Be mindful of the impact other people's drama has on you and don't engage. You can say NO when others try to bring you in. We can help others without becoming a drama victim. Brene' Brown brilliantly distinguishes between enmeshment and empathy. Empathy allows us to show compassion from a distance, and help someone who is going through a tough time without getting sucked in. Enmeshment drags us down into the hole with them, and then both people are suffering.

6. Stimulate Your Senses.

Step into my home office, and you will encounter the scents of cinnamon, mint, or citrus. It's also highly likely that some funky instrumental music will be playing. It's proven that certain smells and certain music can stimulate the limbic system of your brain, resulting in greater focus and energy. I frequently listen to the Deep Focus track of the Focus Genre on Spotify, which at last count had 1.4 million followers.

Finally, the most impactful strategy for protecting your energy, in all aspects of your life:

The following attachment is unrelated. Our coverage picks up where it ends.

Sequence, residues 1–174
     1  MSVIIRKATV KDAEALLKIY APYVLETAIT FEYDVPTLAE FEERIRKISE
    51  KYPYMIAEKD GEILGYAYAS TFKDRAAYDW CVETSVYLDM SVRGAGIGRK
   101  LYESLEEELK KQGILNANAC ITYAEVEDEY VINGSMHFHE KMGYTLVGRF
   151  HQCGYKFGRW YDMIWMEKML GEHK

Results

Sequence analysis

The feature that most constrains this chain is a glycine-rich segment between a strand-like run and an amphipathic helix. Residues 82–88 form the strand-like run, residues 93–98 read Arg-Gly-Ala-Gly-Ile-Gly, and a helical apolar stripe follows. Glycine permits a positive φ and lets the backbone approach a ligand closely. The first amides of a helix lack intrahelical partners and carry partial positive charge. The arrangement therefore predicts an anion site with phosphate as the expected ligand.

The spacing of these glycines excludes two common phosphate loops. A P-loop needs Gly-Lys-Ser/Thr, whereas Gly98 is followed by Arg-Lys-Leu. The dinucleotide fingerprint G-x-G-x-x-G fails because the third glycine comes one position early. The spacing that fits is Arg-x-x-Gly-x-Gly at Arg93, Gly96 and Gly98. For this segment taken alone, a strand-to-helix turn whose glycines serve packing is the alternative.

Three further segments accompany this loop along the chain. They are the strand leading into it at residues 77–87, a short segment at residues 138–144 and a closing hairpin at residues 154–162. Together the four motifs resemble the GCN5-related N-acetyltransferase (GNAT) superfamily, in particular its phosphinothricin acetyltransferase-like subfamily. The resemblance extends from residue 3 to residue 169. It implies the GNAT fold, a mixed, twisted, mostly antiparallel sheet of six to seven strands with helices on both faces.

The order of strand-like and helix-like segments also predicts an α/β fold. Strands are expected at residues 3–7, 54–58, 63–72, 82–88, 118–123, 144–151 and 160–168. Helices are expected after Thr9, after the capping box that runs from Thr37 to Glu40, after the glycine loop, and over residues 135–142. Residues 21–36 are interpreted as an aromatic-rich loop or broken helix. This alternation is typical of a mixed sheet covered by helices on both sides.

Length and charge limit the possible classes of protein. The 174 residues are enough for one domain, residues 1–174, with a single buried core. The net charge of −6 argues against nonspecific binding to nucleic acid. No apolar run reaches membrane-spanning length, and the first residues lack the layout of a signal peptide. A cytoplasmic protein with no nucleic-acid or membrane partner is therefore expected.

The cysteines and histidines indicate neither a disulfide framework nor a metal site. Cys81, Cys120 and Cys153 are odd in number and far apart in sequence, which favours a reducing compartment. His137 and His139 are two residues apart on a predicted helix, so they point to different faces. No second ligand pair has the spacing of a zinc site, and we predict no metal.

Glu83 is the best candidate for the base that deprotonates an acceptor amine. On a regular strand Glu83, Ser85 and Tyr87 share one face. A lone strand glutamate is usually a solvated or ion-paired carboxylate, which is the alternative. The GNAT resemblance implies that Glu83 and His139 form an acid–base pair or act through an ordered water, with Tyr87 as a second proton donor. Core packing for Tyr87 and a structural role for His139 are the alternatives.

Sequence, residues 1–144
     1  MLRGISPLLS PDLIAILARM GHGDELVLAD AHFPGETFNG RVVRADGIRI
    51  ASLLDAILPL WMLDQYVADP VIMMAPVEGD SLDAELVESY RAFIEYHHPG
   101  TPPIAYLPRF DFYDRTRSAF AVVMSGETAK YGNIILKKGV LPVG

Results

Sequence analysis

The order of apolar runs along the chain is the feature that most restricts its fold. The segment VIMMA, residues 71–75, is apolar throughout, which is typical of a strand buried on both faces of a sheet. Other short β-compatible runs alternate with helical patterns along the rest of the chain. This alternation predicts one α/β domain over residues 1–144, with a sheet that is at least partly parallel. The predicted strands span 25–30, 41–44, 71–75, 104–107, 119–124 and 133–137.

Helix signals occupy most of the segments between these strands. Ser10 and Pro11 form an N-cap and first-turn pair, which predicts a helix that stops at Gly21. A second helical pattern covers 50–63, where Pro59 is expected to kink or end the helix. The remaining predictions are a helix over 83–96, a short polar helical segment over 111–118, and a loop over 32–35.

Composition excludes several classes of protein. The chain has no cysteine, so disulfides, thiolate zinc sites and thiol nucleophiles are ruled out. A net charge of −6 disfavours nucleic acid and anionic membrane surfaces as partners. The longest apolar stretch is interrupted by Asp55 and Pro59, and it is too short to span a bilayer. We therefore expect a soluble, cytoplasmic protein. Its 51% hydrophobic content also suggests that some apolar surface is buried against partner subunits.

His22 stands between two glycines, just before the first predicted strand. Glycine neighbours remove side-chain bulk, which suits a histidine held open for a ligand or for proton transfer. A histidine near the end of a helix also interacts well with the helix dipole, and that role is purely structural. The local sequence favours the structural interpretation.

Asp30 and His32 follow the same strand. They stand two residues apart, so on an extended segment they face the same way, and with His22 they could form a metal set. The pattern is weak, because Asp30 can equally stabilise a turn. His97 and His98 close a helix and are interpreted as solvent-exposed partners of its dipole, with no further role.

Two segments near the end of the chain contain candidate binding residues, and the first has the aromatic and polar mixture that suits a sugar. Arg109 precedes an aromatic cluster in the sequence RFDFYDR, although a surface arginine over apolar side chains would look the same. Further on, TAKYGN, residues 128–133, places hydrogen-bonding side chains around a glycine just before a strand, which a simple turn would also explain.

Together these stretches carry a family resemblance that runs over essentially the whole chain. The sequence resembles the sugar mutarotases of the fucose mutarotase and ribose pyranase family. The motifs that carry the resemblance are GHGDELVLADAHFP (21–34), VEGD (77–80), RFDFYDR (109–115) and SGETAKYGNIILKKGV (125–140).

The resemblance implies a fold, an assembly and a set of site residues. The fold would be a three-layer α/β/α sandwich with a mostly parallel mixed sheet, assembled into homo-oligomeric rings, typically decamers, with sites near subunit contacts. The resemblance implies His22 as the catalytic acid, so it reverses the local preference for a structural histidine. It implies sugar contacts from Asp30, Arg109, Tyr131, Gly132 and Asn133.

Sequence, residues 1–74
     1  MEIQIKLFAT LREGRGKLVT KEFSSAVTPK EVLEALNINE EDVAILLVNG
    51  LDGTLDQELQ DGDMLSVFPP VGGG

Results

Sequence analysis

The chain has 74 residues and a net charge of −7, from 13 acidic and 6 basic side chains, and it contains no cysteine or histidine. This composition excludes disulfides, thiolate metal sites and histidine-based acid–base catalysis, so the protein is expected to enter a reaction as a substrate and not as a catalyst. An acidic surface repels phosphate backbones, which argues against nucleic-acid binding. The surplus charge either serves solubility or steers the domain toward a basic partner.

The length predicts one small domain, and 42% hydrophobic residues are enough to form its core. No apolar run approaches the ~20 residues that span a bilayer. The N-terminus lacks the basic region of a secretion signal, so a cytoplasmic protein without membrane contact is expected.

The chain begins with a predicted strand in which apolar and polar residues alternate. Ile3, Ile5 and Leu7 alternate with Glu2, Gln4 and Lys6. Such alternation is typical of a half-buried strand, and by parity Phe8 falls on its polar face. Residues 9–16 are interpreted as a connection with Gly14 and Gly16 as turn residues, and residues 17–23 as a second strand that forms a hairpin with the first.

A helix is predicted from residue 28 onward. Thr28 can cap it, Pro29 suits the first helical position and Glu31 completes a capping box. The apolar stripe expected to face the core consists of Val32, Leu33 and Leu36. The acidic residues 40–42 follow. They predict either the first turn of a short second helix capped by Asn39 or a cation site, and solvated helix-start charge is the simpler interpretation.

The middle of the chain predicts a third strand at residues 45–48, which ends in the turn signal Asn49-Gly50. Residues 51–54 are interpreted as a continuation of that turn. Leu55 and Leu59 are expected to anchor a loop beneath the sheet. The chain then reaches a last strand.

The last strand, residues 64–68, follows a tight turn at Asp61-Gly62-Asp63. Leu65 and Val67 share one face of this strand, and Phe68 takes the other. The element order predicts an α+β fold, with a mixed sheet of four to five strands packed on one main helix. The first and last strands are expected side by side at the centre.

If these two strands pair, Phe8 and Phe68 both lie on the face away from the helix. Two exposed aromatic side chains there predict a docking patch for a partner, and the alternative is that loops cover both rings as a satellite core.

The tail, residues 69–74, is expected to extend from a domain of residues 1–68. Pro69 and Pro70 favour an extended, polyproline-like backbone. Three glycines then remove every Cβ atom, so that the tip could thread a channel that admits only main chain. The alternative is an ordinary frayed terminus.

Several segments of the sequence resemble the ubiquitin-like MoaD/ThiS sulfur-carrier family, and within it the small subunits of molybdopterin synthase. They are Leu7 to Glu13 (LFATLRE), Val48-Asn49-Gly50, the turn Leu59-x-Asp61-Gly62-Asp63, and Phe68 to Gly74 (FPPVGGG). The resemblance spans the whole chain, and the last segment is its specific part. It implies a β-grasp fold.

7. Look for the Two Biggest Triggers of Depleted Energy: Fear & Loss of Control.

This may be the hardest but most important strategy to master. A CEO client told me, "I have no energy. I don't know what's wrong with me." Through an intensive consulting session, we finally reached the source of her low energy: a feeling of loss of control with her customers. She shared with me that she felt out of touch with her customers, and she was worried that some of her clients "were not getting our best experience." This fear & sense of loss of control completely dragged her down. Everything seemed overwhelming.

The weight of fear can suppress even the most energetic person. Once we formulated a plan for her to re-establish touchpoints with her customers, her energy completely shifted, and she was ready to get back to business.

Protecting our personal energy is not only good for ourselves, it's good for everyone in our lives. It empowers us to bring our best versions of ourselves to every situation, every experience, and every relationship. Good luck!

RELATED: Forbes' top richest from 2015
Forbes' top 10 richest people in America
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7 simple ways to make the workplace more positive

5.  Charles Koch

Net worth: $41 billion, down $1 billion
Source: Diversified
Age: 79    

  • Net worth down 2% since 2014 Forbes 400 due to market pressure on commodities and industrial companies
  • Charles runs $15 billion (revenues) Koch Industries, the country’s second-largest private company with $115 billion in sales.
  • He’s been chairman since 1967, when the company was valued at $50 million; it is now worth an estimated $100 billion